Silicon Valley tech companies isolate workers inside a bubble

Summary:Silicon Valley firms use cult-like practices to isolate their workers but it breeds conflict in neighborhoods.

San Francisco is rapidly polarizing against its tech workers as protests mount about shuttle bus use, and a huge rise in rents and evictions.

There would be less of a problem if tech workers were better known in their communities but they aren’t. I know exactly one Googler outside of my work circles. And he used to work for non-profits for several years downtown, so he’s more of a local than many of his colleagues. 

Here are the many ways Silicon Valley tech workers are deliberately kept isolated:

- The tech workers are scooped up in shuttle buses early in the morning and dropped off late in the evening. No time to socialize locally.

- During the day tens of thousands are inside guarded campus enclaves. No one goes out to local stores and restaurants and around Google’s HQ, there’s a struggle to stay in business. 

- Tech companies provide free food, hair cuts, dental appointments, gym, laundry, dry cleaning, even apartment cleaning. No need to shop local or interact locally.

- Mealtimes are important social events and here, tech workers are encouraged to eat in company facilities. Yet another interface with local people is removed. 

- There's very little time during the week to make friends outside of work.

Company culture and cults…

Building a company culture is the same as building a cult and the practices are well known, studied and effective at controlling people, and are used by many mainstream organizations such as Alcoholics Anonymous, not just Google.

They tell their members to use anonymity and secrecy. Google, for example, discourages staff from identifying themselves as employees.  

Cults keep their members in groups and indoctrinate them daily with an ideology that is designed to separate them psychologically, not just physically. Group dynamics indoctrinate faster than can be done individually.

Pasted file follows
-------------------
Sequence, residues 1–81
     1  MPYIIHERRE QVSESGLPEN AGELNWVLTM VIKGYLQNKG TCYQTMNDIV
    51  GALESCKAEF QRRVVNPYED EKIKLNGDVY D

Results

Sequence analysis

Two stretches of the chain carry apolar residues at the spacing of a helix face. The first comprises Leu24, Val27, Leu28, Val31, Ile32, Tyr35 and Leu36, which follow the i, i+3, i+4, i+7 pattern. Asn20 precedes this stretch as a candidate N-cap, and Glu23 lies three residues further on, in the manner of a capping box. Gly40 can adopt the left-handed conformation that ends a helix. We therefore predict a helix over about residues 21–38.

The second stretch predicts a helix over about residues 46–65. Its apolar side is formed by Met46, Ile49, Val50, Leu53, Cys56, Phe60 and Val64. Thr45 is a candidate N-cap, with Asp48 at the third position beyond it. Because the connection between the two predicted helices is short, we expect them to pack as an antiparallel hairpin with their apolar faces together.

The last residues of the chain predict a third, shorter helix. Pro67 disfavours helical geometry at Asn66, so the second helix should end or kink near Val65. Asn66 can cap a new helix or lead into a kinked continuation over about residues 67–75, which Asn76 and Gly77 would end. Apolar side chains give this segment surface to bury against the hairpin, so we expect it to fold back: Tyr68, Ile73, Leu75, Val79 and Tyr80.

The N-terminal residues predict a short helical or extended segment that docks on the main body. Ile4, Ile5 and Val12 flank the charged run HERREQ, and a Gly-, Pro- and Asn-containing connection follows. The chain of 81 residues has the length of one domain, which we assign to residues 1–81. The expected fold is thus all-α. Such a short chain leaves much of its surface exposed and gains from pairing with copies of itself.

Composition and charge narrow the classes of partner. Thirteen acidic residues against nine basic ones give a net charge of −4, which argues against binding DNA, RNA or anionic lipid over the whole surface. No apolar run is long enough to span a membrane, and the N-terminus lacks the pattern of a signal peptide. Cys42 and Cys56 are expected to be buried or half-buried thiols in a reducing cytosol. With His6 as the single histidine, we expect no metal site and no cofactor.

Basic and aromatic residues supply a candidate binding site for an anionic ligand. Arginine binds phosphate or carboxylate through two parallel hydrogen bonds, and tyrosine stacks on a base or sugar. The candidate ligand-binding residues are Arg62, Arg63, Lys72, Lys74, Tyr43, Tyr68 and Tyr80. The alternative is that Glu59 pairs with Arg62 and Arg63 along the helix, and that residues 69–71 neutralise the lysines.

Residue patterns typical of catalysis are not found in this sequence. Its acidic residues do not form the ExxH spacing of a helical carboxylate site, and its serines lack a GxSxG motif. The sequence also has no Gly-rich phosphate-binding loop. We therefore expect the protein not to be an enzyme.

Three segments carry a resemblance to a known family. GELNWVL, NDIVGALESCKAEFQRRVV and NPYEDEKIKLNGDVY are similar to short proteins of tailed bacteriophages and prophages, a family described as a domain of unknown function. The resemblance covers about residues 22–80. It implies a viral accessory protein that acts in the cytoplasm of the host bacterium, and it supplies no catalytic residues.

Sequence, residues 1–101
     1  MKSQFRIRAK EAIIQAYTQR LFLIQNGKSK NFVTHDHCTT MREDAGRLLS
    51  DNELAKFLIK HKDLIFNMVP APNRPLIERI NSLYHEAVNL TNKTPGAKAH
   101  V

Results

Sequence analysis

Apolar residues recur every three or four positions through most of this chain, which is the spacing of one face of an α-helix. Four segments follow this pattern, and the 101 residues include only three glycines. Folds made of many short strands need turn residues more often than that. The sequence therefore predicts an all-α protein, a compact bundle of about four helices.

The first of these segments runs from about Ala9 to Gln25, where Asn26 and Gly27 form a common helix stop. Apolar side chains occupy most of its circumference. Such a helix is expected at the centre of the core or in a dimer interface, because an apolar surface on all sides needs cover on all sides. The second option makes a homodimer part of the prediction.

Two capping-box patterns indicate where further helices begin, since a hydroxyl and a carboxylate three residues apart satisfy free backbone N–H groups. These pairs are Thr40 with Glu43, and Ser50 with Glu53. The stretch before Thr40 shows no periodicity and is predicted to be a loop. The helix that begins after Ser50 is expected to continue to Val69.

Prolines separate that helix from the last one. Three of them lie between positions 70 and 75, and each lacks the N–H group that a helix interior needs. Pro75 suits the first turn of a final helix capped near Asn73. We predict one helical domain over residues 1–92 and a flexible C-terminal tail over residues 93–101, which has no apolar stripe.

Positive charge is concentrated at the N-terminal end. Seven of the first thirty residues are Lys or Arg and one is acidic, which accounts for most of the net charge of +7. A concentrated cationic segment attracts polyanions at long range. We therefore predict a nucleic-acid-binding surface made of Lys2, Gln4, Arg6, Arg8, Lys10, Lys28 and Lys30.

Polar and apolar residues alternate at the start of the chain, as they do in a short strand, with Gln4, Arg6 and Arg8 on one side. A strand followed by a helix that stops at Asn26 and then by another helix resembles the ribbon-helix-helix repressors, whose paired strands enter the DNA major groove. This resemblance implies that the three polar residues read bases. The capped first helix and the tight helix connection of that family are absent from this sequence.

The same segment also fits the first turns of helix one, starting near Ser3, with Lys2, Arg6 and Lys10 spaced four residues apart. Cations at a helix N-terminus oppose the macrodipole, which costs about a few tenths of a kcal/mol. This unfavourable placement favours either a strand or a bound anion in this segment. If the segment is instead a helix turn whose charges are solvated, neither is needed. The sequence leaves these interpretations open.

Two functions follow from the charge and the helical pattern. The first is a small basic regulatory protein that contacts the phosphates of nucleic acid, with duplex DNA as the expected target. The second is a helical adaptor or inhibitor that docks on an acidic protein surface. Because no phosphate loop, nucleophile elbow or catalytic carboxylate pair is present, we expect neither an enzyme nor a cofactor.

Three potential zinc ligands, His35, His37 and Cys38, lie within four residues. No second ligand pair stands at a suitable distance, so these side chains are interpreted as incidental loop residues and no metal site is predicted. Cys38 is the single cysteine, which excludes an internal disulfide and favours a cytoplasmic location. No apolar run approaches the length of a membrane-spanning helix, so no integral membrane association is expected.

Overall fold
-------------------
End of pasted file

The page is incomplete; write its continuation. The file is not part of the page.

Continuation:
Members are repeatedly told they are not like the rest of the world. Cult members often travel with a minder (bus driver) that makes sure they don’t stray along the way.

When criticized by outsiders, a cult’s hold on its members is strengthened,  it emphasizes the ‘us and them’ isolation.  

All cults are bad because they isolate and continually indoctrinate people with a self-serving ideology that promotes its agenda above all others. Integration, and broad access to ideas and conversations builds relationships between neighbors, and creates strong communities. 

Google says that buses and free services aren't needed...

Todd Carlisle, Director of Staffing, at Google says the free perks aren’t necessary. He said no one ever turned down a job at Google because there was no free lunch.

Astonishingly, he also said that Google analyzed all its data and found absolutely no difference in productivity between office and home-based workers.

So why does it insist on bussing its workers?

It’s because it helps build a strong company culture —  it binds its people closer together. They are less likely to leave.

Pop the bubble…

If I were in charge I would shutter the canteens and garage the shuttle buses for one day a week, and turn off the spigot of free services. And see if my staff can figure out how to get to work on time, and how to feed themselves, and maybe even figure out how to use a laundromat.

They might even come back with some new ideas.

Original ideas require original experiences. You won’t get them from inside a bubble.

Topics: Tech Industry

About

In May 2004, Tom Foremski became the first journalist to leave a major newspaper, the Financial Times, to make a living as a full-time journalist blogger. He writes the popular news blog Silicon Valley Watcher--reporting on the business of Silicon Valley.Tom arrived in San Francisco in 1984, and has covered US technology markets for leadi... Full Bio

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